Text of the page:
Tamil Protest Spills Onto Gardiner Expressway Causing Traffic Gridlock
The protests staged by Tamil-Canadians in recent months took an unprecedented turn Sunday evening when hundreds of demonstrators spilled onto the Gardiner Expressway at Spadina Avenue, blocking traffic in both directions.
This latest move was not pre-planned and appears to have been sparked by the community's anger over reports of 378 civilians killed in Sri Lanka Saturday night. In fact, protesters say the numbers are grossly underestimated and claim the total is closer to 3,000.
A massive police contingent including the OPP was called in to contain the crowd and although there are no reports of anyone hurt yet, there is word the crowd is volatile and at least one person is under arrest.
Traffic is backed up for kilometres, with officers diverting traffic as far west as Park Lawn. Police say the Gardiner will likely remain closed throughout the evening and are asking motorists to take alternate routes.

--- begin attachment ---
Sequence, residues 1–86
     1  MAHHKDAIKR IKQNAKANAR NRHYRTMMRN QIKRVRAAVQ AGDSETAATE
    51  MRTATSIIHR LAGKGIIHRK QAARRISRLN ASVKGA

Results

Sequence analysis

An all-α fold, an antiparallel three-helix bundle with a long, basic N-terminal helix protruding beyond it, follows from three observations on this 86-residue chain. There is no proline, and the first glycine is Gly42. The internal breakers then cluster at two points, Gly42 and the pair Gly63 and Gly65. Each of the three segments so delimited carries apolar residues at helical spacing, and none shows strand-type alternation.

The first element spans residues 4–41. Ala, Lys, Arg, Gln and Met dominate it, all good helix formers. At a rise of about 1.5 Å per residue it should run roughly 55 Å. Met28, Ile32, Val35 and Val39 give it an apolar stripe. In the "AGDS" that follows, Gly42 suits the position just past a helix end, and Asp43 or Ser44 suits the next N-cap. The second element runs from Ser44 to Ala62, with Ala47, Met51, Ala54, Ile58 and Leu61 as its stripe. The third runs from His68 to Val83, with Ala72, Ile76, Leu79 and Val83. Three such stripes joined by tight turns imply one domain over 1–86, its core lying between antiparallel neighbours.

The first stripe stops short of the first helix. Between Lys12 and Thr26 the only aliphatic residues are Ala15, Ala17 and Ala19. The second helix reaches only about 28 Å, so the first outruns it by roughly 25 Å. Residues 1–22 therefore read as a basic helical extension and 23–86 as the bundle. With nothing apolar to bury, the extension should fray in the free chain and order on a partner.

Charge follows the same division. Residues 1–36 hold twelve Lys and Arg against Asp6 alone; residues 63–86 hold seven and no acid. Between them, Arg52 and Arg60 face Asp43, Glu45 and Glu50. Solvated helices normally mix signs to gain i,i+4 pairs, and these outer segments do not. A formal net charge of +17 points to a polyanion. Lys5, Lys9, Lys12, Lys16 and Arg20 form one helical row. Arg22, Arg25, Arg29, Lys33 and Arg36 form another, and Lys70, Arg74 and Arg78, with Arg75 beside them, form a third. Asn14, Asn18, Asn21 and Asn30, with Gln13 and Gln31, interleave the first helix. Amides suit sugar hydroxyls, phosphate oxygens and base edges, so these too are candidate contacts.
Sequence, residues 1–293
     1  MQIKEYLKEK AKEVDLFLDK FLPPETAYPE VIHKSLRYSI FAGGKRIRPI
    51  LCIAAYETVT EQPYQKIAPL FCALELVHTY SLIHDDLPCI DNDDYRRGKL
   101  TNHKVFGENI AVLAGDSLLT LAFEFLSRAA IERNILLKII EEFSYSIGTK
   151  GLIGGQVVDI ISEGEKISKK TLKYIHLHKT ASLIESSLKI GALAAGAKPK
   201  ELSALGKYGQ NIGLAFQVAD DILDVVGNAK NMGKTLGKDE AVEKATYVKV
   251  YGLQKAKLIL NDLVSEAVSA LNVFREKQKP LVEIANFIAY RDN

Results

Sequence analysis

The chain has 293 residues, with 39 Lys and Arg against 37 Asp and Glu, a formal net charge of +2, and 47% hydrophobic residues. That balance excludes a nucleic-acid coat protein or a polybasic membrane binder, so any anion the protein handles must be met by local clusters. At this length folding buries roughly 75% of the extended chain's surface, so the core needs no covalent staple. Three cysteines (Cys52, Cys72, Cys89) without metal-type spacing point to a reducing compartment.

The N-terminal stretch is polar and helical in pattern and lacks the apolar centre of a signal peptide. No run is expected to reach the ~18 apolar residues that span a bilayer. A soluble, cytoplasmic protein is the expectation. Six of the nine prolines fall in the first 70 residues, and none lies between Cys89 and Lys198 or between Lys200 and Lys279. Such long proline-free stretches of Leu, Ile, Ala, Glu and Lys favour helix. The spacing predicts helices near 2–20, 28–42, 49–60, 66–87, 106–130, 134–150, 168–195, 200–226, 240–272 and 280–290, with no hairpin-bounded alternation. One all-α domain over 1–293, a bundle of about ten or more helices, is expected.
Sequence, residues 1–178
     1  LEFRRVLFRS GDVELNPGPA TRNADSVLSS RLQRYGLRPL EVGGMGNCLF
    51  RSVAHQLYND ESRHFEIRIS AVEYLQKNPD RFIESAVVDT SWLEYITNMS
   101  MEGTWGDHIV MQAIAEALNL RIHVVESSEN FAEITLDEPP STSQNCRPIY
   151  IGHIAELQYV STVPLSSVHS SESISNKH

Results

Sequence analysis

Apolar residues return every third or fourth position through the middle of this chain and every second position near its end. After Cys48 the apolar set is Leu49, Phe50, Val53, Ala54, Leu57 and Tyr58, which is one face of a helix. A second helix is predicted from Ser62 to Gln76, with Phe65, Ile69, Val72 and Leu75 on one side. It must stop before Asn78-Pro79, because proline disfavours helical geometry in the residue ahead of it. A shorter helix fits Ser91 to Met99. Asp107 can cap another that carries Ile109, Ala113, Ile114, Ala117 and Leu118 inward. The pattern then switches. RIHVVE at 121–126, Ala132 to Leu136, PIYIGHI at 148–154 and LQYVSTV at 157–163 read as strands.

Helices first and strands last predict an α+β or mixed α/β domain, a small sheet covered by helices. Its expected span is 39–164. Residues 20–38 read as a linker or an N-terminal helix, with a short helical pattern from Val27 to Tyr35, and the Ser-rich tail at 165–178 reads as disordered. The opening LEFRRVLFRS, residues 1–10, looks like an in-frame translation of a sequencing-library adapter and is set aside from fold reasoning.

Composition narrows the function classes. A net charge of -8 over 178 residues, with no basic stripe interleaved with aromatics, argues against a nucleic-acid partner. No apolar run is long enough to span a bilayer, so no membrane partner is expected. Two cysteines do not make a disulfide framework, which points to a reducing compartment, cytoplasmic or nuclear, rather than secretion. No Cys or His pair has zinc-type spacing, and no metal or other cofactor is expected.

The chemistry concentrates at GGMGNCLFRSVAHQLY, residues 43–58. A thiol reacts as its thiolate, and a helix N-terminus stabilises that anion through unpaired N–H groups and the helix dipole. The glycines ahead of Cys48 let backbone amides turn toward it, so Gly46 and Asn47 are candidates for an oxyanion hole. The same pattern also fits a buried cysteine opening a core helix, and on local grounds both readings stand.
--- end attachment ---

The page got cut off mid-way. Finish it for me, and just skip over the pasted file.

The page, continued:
Mayor David Miller is calling for calm and for Tamil demonstrators to peacefully move to a safer location.
"Toronto's Tamil community is understandably concerned about what is happening to friends and family in Sri Lanka," he said in a statement. "They have an absolute right to make those concerns known and to protest. Endangering public safety by occupying the Gardiner or other public highways is not the right way to make that statement.
"Like all Torontonians, I want to see a peaceful end to the conflict in Sri Lanka and hope members of the international community, including the Federal Parliament, will use their influence to see that humanitarian aid flows to the affected area."
There are reports a second group of Tamil-Canadians have blocked the intersection of College Street and University Avenue not far from the stretch in front of the U.S. Consulate they occupied for several days more than a week ago.
Sunday's protest began earlier in the day at Queen's Park, where Gunabalasuntharam Veerakathipillai is also on his eighth day of a hunger strike.
He and his supporters say they are frustrated by the lack of response from the international community and want government officials in Canada and the U.S. to step in and put an end to the violence thousands of kilometres away.